Lyrical: Taylor Swift

And you call me up again just to break me like a promise
So casually cruel in the name of being honest
All Too Well, Taylor Swift

OK, clearly, Taylor Swift is not for me, right? I probably have no business listening to someone who teenage girls get. How could I, a past upper-middle-aged married man and father, even begin to understand?

Well, here’s the thing: I don’t. I probably can’t. But in my recent and admittedly fly-by dealings with young Ms. Swift — before a couple weeks ago, I knew her only as a ditty singer who appealed to that tween crowd — I have been struck, not by the popness of her, but by the bravery and depth of her songs. Or at least one of them.

(If you clicked on that last link, granted, “We Are Never Ever Getting Back Together,” may not be the best example of bravery and depth. But, criminy: 588 million views.)

These traits are probably not news to her fans. (… looking on Google…) Swifties, as they’re called, have sworn by their heroine’s direct-to-the-heart lyrics and her willingness to share everything for years. Swift, in fact, has made a career of laying it all out there for her fans. It’s good for business, and Swift (as her many critics have complained about for years) is evidently one heck of a businesswoman, and has been since she broke into the industry in her teens.

Her latest album, Lover, was well-received critically and sold 867,000 copies in its first week, an astounding number considering that pretty much everyone streams music these days. Depending on who you go by (sorry for the Wiki link, but that’s one source), she is the third-best female recording artist of all time, behind Madonna and (who knew?) Rihanna.

I’ve long appreciated young Ms. Swift for her standing as a role model for those angsty tweens and early 20-somethings. Angsty lyrics aside, a girl could learn a lot from Swift and her hard-core marketing and sales whiziness. If I had a daughter, she could do much worse than emulating Swift.

I knew, too, that Swift had talent. But it wasn’t until I sat down at my laptop a few weeks ago — I’m always sitting down at my laptop — and watched her on NPRs Tiny Desk Concert that I began to appreciate her more fully for the full-fledged artist she is.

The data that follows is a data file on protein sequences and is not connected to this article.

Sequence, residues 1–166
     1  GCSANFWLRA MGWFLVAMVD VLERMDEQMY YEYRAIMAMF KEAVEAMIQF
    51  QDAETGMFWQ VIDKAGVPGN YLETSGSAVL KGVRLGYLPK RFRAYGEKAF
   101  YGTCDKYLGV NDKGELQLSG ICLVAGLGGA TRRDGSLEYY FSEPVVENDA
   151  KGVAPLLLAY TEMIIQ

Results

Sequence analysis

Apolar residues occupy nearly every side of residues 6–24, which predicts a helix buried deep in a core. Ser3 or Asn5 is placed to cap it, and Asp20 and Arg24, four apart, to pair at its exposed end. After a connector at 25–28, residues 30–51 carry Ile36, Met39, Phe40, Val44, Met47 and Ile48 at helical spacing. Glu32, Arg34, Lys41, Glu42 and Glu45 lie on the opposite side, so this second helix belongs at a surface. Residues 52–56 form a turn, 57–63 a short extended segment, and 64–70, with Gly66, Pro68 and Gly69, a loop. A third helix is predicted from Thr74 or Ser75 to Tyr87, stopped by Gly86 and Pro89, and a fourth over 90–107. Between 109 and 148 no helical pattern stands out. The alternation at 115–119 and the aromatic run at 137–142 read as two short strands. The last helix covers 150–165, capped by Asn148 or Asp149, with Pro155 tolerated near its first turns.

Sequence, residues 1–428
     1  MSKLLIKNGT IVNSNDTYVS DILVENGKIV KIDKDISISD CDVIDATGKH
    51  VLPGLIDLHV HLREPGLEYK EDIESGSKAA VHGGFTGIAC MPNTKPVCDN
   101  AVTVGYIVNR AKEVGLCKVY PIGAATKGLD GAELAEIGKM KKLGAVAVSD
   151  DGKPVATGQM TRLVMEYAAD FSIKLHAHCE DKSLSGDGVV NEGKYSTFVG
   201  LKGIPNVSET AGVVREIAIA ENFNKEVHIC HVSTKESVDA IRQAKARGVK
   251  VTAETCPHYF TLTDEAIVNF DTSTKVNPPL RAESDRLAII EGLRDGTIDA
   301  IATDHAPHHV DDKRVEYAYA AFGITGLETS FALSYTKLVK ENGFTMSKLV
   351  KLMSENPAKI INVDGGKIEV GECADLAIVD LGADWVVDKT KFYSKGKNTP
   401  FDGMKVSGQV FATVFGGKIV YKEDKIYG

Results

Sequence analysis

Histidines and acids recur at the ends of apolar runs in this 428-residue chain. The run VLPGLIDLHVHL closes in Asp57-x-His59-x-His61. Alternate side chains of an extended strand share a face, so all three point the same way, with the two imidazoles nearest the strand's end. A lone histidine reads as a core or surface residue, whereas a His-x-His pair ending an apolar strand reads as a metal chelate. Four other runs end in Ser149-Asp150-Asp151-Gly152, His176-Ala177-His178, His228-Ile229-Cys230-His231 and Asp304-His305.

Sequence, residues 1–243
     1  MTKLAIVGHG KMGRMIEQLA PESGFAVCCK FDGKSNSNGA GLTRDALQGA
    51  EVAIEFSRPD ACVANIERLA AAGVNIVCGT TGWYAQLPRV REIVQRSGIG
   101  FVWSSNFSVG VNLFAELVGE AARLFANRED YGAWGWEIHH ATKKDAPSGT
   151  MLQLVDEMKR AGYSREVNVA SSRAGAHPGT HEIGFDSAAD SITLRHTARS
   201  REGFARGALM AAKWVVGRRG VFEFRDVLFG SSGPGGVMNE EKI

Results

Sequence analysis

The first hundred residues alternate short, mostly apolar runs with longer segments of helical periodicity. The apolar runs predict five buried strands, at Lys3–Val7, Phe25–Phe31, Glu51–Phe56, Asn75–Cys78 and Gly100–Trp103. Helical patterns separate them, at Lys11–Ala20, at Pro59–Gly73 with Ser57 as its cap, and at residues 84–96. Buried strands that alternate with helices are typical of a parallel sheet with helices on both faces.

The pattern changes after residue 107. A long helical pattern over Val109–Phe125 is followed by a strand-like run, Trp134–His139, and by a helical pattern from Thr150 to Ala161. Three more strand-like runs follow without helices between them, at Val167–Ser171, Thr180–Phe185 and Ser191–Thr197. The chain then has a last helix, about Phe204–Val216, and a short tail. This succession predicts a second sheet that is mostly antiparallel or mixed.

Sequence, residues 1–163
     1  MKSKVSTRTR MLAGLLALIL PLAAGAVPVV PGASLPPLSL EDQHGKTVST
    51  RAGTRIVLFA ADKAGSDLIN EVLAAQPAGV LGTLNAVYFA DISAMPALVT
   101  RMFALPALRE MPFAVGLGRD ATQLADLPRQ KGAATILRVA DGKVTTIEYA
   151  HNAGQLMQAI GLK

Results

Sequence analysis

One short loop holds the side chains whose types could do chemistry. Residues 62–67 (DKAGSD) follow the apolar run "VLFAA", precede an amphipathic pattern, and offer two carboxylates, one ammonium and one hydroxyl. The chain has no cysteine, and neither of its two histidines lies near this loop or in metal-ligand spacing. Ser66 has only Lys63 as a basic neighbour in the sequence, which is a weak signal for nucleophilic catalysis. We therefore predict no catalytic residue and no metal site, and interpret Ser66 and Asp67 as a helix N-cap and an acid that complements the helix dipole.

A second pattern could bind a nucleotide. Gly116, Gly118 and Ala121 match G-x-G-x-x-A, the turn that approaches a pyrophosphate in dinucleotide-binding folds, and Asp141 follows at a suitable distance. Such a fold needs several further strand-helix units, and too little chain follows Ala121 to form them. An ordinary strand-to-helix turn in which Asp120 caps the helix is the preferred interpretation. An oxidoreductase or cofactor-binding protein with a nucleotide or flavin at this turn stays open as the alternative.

The last song in her half-hour appearance is one of her older ones, a Swiftie-favorite breakup bit (Swift has made a cottage industry writing about her heartbreaks) called “All Too Well.” It begins in the video ^, with her at the piano, at the 22:58 mark.

Swift wrote the song with Grammy- and Country Music Association-winning songwriter Liz Rose, and it’s filled with the kind of daggers that make these songs so popular, especially with young people. The song’s setting is beautifully realized. One of my favorite lines:

Autumn leaves falling down like pieces into place

Like most breakup songs, it begins with the promise of love …

You tell me about your past, thinking your future was me

… but, in the end, a girl has to find a way to fight her way out of misery. Though it’s never easy:

Time won’t fly, it’s like I’m paralyzed by it
I’d like to be my old self again, but I’m still trying to find it
After plaid shirt days and nights when you made me your own
Now you mail back my things and I walk home alone

The lyrics referenced at the top of this post are especially poignant: … break me like a promise … so casually cruel in the name of being honest.

My wife and I often talk about those “casually cruel” kinds of people. They’re the type who take pride in “telling it like it is,” or being “brutally honest,” the type who get some kind of perverse kick out of jolting people with their perceived “truth.” Instead of being kind and thoughtful, instead of looking to soothe, instead of commiserating, these people revel in their self-appointed role as fact-tellers, and if you can’t handle them keeping things real, well, that’s your problem.

We don’t like those people.

All Too Well,” is a wonderful, cry-in-your-pillow song that everyone who has ever had a bad breakup can wallow in. And on the other end of Swift’s oeuvre, not unlike “We Are Never Ever …,” is the first song in the NPR set, something from her new album called “The Man,” in which Swift envisions what it would be like to have the power granted to men in our society.

It’s not as thoughtful and deep as “All Too Well,” and it’s not meant to be. Instead, it’s a chin-up, guitar-thumping punch in the nose to sexism and misogyny, a callout to all the Swifties (and anyone else listening, like upper-middle-aged married men) to not settle for the status quo:

What’s it like to brag about raking in dollars
And getting bitches and models?
It’s all good if you’re bad
It’s OK if you’re mad
If I was out flashin’ my dollas
I’d be a bitch, not a baller
They’d paint me out to be bad
So it’s OK that I’m mad


They’d say I hustled
Put in the work
They wouldn’t shake their heads
And question how much of this I deserve

I’m not sure yet, in my brief introduction to Swift, how good of a musician or vocalist she is. Certainly, she can hold her own. And, certainly in my book, what an artist is saying is way more important than how it’s conveyed. It says a lot, too, that she was brave enough to sit in front of an office full of people at NPR, with no backup singers or dancers, and let the lyrics work their magic. I’m a sucker for singer/songwriters that way.

At just 29, Swift already has had an astonishingly successful career that’s been churning along for more than a decade. And it’s not just pop; there’s depth there, too.

With songs like these, she’ll make Swifties out of us all before too long.

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